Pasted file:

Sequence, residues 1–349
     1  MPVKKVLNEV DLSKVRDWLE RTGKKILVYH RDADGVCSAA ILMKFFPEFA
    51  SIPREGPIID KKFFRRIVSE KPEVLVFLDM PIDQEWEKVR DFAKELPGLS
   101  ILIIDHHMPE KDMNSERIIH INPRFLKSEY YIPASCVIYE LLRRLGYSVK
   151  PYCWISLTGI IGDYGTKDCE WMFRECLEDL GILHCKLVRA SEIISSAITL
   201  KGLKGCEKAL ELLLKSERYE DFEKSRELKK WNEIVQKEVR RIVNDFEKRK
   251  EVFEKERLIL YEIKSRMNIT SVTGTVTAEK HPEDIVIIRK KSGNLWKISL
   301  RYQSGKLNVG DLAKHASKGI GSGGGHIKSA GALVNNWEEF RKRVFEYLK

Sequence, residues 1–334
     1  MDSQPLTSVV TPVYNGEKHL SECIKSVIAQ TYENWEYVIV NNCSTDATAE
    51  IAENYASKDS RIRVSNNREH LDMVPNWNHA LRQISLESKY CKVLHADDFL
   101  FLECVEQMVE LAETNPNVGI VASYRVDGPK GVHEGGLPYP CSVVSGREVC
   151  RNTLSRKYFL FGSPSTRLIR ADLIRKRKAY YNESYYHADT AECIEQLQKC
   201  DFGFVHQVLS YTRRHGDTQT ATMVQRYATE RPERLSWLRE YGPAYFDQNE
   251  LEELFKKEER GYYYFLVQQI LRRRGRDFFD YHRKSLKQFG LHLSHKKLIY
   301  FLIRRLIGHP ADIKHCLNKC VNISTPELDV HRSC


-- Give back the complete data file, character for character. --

Sequence, residues 1–349
     1  MPVKKVLNEV DLSKVRDWLE RTGKKILVYH RDADGVCSAA ILMKFFPEFA
    51  SIPREGPIID KKFFRRIVSE KPEVLVFLDM PIDQEWEKVR DFAKELPGLS
   101  ILIIDHHMPE KDMNSERIIH INPRFLKSEY YIPASCVIYE LLRRLGYSVK
   151  PYCWISLTGI IGDYGTKDCE WMFRECLEDL GILHCKLVRA SEIISSAITL
   201  KGLKGCEKAL ELLLKSERYE DFEKSRELKK WNEIVQKEVR RIVNDFEKRK
   251  EVFEKERLIL YEIKSRMNIT SVTGTVTAEK HPEDIVIIRK KSGNLWKISL
   301  RYQSGKLNVG DLAKHASKGI GSGGGHIKSA GALVNNWEEF RKRVFEYLK

Sequence, residues 1–334
     1  MDSQPLTSVV TPVYNGEKHL SECIKSVIAQ TYENWEYVIV NNCSTDATAE
    51  IAENYASKDS RIRVSNNREH LDMVPNWNHA LRQISLESKY CKVLHADDFL
   101  FLECVEQMVE LAETNPNVGI VASYRVDGPK GVHEGGLPYP CSVVSGREVC
   151  RNTLSRKYFL FGSPSTRLIR ADLIRKRKAY YNESYYHADT AECIEQLQKC
   201  DFGFVHQVLS YTRRHGDTQT ATMVQRYATE RPERLSWLRE YGPAYFDQNE
   251  LEELFKKEER GYYYFLVQQI LRRRGRDFFD YHRKSLKQFG LHLSHKKLIY
   301  FLIRRLIGHP ADIKHCLNKC VNISTPELDV HRSC